Under an impact loads with velocity of 11.89 m/s, when compared with the impact under radial uniform stress, the sandstone under the radial gradient stress is repeatedly subjected to loading–unloading, and this indicates that the dynamic strength and critical strain increase with impact times. The rate of change in energy absorption characteristics with increases in impact times is slower, and the changes significantly weakened with an increase in the confining pressure. Additionally, the strain rate under radial gradient is more sensitive to the impact times.

Under the radial gradient stress, the failure mode of the sandstone reveals that the characteristics of the zonal disintegration phenomenon after cyclical impact is that the crushing zone is mainly subjected to tensile and partial shear failure. However, it corresponds to compression-shear under confining pressure.

Data Availability Statement

The datasets generated for this study are available on request to the corresponding author.

Author Contributions

SW designed the tests, provided funds, and experimental apparatus. YL performed the tests and processed the data. KD performed the tests, wrote the paper, and also he was responsible for contacting the journal editor. JZ performed the lab tests.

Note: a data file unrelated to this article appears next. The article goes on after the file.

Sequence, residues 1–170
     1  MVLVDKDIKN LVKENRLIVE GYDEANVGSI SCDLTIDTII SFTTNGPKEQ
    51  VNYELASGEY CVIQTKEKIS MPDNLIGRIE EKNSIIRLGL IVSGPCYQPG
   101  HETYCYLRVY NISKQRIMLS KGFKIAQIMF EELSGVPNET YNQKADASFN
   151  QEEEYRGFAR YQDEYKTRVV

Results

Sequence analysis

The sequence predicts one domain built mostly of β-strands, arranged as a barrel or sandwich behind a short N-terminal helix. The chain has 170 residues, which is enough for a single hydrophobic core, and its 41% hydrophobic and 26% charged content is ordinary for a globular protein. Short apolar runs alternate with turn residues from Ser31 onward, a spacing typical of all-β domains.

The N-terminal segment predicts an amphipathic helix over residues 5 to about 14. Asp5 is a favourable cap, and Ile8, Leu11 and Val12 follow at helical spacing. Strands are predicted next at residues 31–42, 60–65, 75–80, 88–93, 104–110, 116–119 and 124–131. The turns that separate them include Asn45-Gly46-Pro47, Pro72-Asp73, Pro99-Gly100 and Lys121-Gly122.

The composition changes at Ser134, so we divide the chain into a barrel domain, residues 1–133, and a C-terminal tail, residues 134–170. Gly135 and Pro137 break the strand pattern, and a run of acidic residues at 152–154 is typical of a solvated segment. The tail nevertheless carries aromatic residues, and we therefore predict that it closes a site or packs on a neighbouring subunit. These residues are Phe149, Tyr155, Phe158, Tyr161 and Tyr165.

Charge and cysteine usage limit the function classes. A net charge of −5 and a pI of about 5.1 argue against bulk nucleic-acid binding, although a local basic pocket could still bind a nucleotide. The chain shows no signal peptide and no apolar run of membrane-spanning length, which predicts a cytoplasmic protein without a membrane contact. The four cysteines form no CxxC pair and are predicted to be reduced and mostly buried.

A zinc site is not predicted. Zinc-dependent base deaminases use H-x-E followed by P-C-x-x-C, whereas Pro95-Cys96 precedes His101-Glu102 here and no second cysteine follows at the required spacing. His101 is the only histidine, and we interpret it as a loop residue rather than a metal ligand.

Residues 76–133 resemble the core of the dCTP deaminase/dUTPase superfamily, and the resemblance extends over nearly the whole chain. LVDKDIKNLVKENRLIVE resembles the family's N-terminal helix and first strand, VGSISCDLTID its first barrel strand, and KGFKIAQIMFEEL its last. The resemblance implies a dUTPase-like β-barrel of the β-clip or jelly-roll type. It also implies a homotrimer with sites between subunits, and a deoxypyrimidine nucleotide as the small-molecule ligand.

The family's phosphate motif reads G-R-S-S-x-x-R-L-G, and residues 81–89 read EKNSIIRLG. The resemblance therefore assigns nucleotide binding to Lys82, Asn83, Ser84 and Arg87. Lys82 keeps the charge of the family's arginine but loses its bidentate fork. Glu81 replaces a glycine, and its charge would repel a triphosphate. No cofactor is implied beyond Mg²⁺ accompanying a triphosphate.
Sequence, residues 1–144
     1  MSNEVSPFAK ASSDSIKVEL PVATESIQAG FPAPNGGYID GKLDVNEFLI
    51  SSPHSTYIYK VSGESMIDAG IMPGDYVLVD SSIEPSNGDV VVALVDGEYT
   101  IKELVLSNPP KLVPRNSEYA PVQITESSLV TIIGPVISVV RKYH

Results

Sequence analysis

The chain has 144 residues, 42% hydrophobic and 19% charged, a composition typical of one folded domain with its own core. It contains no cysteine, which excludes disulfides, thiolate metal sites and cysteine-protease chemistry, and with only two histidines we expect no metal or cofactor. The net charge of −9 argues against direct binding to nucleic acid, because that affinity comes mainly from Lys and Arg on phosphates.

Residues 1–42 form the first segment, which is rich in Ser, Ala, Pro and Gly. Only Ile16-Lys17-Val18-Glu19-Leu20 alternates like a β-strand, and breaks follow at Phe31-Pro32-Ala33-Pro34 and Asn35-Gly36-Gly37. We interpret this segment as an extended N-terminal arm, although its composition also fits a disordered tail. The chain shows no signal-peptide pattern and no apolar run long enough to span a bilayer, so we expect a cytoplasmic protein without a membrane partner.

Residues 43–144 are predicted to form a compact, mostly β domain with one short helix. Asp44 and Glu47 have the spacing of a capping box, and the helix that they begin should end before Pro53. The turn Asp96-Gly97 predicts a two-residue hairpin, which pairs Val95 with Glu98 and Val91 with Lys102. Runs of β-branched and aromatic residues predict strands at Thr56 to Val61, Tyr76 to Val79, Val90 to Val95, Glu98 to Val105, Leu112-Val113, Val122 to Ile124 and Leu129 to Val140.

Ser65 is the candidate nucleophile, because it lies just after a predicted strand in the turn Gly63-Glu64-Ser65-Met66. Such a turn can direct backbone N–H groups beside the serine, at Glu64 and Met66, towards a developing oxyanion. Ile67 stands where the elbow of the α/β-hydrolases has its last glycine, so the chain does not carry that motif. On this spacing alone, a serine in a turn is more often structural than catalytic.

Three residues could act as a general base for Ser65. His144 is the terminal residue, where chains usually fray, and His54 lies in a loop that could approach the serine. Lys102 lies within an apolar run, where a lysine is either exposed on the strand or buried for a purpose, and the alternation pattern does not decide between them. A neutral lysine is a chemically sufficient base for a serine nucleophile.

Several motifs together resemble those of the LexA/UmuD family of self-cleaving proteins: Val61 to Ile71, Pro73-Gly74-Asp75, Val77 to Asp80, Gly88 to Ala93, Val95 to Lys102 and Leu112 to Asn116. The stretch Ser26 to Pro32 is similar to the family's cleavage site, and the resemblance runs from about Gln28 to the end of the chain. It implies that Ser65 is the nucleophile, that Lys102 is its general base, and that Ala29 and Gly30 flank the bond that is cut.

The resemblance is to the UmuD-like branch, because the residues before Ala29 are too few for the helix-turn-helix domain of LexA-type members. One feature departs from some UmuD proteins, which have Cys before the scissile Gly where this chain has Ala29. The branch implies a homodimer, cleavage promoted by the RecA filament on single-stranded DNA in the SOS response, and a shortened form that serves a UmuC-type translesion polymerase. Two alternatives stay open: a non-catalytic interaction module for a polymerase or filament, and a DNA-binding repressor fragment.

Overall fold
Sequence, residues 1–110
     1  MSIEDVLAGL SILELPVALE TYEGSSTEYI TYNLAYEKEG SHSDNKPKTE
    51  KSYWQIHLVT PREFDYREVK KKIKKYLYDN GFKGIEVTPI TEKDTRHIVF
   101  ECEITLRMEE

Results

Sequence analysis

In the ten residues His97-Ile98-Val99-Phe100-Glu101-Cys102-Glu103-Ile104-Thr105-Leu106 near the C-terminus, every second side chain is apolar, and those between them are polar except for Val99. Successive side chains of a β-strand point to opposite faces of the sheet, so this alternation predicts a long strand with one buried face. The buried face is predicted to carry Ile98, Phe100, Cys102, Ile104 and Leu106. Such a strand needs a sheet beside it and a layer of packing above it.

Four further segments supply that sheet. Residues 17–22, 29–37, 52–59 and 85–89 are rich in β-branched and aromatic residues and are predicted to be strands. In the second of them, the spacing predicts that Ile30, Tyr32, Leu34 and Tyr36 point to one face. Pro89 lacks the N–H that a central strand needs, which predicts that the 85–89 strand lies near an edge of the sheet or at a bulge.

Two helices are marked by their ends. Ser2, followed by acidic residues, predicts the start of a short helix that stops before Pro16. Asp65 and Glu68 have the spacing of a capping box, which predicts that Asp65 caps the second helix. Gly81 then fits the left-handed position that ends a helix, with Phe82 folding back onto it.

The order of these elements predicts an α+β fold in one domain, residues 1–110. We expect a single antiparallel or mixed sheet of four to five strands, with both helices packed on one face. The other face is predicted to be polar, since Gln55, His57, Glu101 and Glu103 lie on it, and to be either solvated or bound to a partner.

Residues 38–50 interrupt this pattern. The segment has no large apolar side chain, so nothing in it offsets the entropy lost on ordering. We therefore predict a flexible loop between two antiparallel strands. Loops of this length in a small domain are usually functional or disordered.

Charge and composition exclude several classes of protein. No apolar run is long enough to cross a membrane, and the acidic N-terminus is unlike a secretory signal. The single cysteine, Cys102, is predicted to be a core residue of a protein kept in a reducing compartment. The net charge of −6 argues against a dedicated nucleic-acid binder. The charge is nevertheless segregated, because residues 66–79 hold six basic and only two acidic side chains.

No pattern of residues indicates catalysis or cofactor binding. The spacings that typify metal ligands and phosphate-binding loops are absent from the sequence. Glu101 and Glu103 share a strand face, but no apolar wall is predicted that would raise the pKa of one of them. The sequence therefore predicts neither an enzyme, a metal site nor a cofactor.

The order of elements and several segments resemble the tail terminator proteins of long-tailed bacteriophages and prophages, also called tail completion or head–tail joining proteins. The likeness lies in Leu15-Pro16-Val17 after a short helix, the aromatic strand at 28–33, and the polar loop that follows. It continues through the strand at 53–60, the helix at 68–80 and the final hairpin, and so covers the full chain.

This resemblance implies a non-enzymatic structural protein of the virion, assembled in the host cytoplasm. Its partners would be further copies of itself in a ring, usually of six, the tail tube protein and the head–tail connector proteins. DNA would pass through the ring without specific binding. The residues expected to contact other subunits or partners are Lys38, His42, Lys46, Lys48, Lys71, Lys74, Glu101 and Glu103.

Funding

The work described in this paper was supported by the National Natural Science Foundation of China (Grant Nos. 51604109, 51774326, 51704109, 41807259).

Conflict of Interest

The authors declare that the research was conducted in the absence of any commercial or financial relationships that could be construed as a potential conflict of interest.

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Keywords: sandstone, radial gradient stress, SHPB, cyclical impact loading, failure properties

Citation: Wang S, Liu Y, Du K and Zhou J (2019) Dynamic Failure Properties of Sandstone Under Radial Gradient Stress and Cyclical Impact Loading. Front. Earth Sci. 7:251. doi: 10.3389/feart.2019.00251

Received: 27 July 2019; Accepted: 06 September 2019;
Published: 24 September 2019.

Edited by:

Yixian Wang, Hefei University of Technology, China

Reviewed by:

Jiefang Jin, Jiangxi University of Science and Technology, China
Jian Cui, Tianjin University, China

Copyright © 2019 Wang, Liu, Du and Zhou. This is an open-access article distributed under the terms of the Creative Commons Attribution License (CC BY). The use, distribution or reproduction in other forums is permitted, provided the original author(s) and the copyright owner(s) are credited and that the original publication in this journal is cited, in accordance with accepted academic practice. No use, distribution or reproduction is permitted which does not comply with these terms.

*Correspondence: Kun Du, dukuncsu@csu.edu.cn